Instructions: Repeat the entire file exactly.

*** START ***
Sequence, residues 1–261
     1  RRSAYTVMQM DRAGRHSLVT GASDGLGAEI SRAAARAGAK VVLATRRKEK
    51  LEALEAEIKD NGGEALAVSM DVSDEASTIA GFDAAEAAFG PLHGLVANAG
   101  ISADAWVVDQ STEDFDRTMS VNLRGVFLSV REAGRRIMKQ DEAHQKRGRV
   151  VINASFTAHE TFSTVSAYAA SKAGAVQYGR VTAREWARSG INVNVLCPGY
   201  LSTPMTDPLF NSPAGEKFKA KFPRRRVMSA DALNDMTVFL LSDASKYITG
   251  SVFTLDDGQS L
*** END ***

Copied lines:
Sequence, residues 1–261
     1  RRSAYTVMQM DRAGRHSLVT GASDGLGAEI SRAAARAGAK VVLATRRKEK
    51  LEALEAEIKD NGGEALAVSM DVSDEASTIA GFDAAEAAFG PLHGLVANAG
   101  ISADAWVVDQ STEDFDRTMS VNLRGVFLSV REAGRRIMKQ DEAHQKRGRV
   151  VINASFTAHE TFSTVSAYAA SKAGAVQYGR VTAREWARSG INVNVLCPGY
   201  LSTPMTDPLF NSPAGEKFKA KFPRRRVMSA DALNDMTVFL LSDASKYITG
   251  SVFTLDDGQS L